Jewelry designer Kate Rohde creates luminous jewelry out of resin
Rohde is primarily inspired by animals, minerals and "futuristic glamor"
She also creates elaborate sculptures for exhibition
At first, it’s hard to tell what these extraordinary works are made from. Kate Rohde’s giant, glowing sculptures resemble backlit jewels, as if they have been carved out of phosphorescent rock. A luminous green box appears to be crafted from fine jade, even if its large size and intricate detail make this implausible. Another piece, labeled a “crystal marsupial”, is a translucent purple figure which twists to reveal what looks like a glittering core of amethysts.
In fact, all of these objects are sculpted from a resin which has become Rohde’s signature medium as an artist and jeweler. These synthetic resins are so versatile that they can be molded into huge structures, or cut and polished to achieve the luster of gems. Over the past decade, Rohde has shaped this material into fantastic sculptures, including a fluorescent garden filled with jewels and creatures and a pair of turquoise crystal horns which can be worn as a headpiece.
Rohde is fascinated by the morphology of animals and minerals, and her works often have the air of natural history specimens, given a psychedelic twist with their rainbow pigments and exaggerated shapes. One of her characteristic installations is a baroque display case stuffed with a variety of dazzling, incongruous objects: a neon skeleton, an artificial heart, a bright stalactite.
For the Australian artist, there is an excitement about reinventing organic forms and traditional tableaux in day-glo colors, resulting in a mash-up of historical styles. She admits that she is “always drawn to an eclectic mix of influences, things which are aesthetically excessive and colorful and blingy.” These display cases are a combination of 19th century diorama and modern fashion editorial, in which scientific models are imbued with futuristic glamor.
In addition to her acclaimed gallery work, Rohde has had a long association with fashion and jewelry design. In 2010, she collaborated with fashion designers Anna Plunkett and Luke Sales of the Sydney label Romance Was Born to produce a Jurassic-themed collection called Renaissance Dinosaur, featuring models in crystal-studded breastplates and multi-colored antlers. She also worked with Romance Was Born to produce a series of fabrics – and even a line of wallpaper – depicting a maze of flora and fauna in acid colors.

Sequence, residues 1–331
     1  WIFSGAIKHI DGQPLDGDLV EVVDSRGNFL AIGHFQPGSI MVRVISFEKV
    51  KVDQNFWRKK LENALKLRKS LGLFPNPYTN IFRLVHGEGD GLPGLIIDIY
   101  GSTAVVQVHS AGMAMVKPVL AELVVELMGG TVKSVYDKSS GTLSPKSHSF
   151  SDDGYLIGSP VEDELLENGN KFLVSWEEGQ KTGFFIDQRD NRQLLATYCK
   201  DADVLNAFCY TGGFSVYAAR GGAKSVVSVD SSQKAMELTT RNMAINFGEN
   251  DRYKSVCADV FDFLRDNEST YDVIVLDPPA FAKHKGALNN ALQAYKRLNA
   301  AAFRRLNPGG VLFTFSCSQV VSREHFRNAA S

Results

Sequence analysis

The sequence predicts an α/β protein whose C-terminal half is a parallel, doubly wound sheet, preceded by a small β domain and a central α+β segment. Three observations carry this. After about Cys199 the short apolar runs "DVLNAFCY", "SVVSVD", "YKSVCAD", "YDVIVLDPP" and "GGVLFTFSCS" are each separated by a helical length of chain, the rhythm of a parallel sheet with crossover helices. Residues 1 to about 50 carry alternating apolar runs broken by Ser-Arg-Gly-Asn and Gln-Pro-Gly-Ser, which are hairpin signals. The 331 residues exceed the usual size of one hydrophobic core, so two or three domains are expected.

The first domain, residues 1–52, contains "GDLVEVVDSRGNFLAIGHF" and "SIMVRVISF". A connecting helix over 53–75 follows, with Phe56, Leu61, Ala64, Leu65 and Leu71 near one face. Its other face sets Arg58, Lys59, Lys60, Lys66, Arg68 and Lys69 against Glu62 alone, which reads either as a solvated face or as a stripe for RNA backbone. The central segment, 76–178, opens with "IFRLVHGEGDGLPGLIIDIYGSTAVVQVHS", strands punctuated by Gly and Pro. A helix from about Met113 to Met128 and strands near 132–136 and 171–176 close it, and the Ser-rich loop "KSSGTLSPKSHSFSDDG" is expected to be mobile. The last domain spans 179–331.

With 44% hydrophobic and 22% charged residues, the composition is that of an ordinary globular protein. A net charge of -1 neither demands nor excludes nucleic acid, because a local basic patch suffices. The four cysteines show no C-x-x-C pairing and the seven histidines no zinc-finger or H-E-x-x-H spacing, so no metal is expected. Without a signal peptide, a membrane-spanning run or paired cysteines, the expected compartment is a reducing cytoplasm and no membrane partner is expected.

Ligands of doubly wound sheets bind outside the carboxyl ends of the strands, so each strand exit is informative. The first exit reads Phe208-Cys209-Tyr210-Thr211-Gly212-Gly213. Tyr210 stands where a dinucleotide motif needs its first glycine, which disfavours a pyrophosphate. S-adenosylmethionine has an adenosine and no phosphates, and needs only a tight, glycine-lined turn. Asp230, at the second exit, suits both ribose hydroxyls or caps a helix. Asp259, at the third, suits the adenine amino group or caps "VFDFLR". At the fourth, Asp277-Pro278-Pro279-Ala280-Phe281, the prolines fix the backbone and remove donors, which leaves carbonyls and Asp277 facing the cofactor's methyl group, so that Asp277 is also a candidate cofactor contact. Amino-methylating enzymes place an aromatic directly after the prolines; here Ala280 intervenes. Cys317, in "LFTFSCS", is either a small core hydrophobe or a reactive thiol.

For Rohde, it makes sense to move between exhibitions, high fashion, and ready-to-wear items, since it allows her to work with “vastly differing scales and functionality. Different fields bring unique challenges, but resin is quite a forgiving material, with flexibility and wide scope for experimentation. It can be built up and cut down in extreme ways.”
Working on jewelry enables Rohde to perfect the precise cutting she uses for her gallery pieces, while ambitious sculptural ideas often find their way into her accessories. A crystal bird perched on a cuff functions as both a bracelet and a free-standing sculpture.
Rohde’s jewelry line ranges from chunky bangles in cartoon colors to striking but ethereal pieces, such as a cluster of rose-pink shards jutting out from the wrist. An iridescent blue ring with two bug-eye “gems” foregrounds the artist’s sense of humor, while a pair of shimmering earrings with scalloped edges is both delicate and flashy. Resin allows multiple color changes to be incorporated into one piece, so that a ring graduates from milky white to translucent pink, and a cuff shows shades of blue seeping into yellow.
It is important to Rohde that the transition to wearable art is made without losing the outlandish and distinctive quality of her style. Her designs for jewelry often draw on the same techniques as her sculptures: in particular, the use of “acrylic icing” to give an opalescent sheen to surfaces, as seen in her pearl-colored rings. At the same time, she is able to embrace the contradictions of working in both the art world and the luxury market, making sumptuous designs out of faux gems and applying painstaking modeling to synthetic materials.
Some of Rohde’s fashion collaborations can currently be seen at the National Gallery of Victoria. In the meantime, she is busy researching ideas for new sculptures. Her next exhibition at Melbourne’s Karen Woodbury Gallery will have a geological focus, combining crystal structures with mixed media such as technicolor hair extensions she sources in Japan and a kind of plastic which can be dyed in hot water.
She also intends to work the geological theme into her accessories: “I think of my jewelry as small-scale sculptures, like a three-dimensional print with a small edition run. The only difference is that with jewelery, there has to be some serious consideration of the function and how it’s worn, whereas a sculpture can be much more impractical.”